If a fire breaks out nearby, pool water can be used to douse the flames, especially if access to the public water supply is limited or unavailable. Buckets may be helpful, depending on the size of the fire, but having a pump and some hoses helps a lot.
In case of damage to your home, a covered pool area can serve as a temporary shelter until it’s safe to return inside. How to Use a Tarp for Shelter
Swimming or floating in the pool can help alleviate stress and anxiety during an emergency, promoting mental well-being. Managing the Mental Stress of Prepping
Use the pool for low-impact exercises and physical therapy, especially if access to healthcare is restricted.
Signal for help
Place bright-colored objects or create large visible reflectors or signs near the pool to attract attention from rescuers or helicopters. What Should You Do in a Chemical Emergency?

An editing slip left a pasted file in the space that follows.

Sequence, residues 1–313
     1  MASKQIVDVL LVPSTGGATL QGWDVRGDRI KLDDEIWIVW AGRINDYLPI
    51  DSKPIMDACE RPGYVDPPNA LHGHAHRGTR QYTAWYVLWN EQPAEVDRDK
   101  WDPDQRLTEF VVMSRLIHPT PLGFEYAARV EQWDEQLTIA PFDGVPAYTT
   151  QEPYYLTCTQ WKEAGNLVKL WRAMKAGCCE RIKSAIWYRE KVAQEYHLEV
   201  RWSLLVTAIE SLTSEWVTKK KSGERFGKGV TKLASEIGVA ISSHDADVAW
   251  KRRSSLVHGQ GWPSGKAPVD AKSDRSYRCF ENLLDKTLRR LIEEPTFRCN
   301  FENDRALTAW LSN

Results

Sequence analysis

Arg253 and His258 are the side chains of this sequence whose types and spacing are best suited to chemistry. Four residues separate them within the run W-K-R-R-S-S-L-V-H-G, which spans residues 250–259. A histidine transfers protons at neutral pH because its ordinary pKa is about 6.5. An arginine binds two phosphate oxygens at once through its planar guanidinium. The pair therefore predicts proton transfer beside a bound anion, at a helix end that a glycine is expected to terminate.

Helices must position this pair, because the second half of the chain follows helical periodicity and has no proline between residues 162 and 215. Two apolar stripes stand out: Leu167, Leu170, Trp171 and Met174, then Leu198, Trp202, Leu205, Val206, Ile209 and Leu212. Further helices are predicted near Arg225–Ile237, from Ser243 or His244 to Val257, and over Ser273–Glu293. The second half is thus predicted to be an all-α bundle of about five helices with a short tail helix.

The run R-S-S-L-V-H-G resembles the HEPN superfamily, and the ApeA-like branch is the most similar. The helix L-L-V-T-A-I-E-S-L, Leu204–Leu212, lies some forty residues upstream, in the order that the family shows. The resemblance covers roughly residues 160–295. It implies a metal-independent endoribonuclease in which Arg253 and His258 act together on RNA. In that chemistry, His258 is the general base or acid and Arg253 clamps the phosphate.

If your home is flooded or damaged, the pool deck can be used as a temporary storage space for essential items, keeping them dry and accessible. Water Storage: How Much Do You Really Need?
If the disaster lasts for an extended period, consider setting up an aquaponic system using pool water to grow vegetables and raise fish for food. Beginners Guide to Fishing: 6 Amazing Tips and Tricks
Offer your pool as a resource for neighbors who may need water, shelter, or a place to cool off during an emergency. How to Make a Community in Your Neighborhood
Set up an area near the pool for washing hands and bathing, helping maintain personal hygiene during an emergency. 10 Hygiene and Sanitation Tips for a Disaster
If your property is near a body of water, use the pool as a starting point to evacuate using inflatable rafts or boats in case of flooding or other disasters. How to Put an Evacuation Plan Together
Place large containers or tarps around the pool to collect rainwater, providing an additional source of water during droughts or water supply disruptions. How to Use Rain Water at Home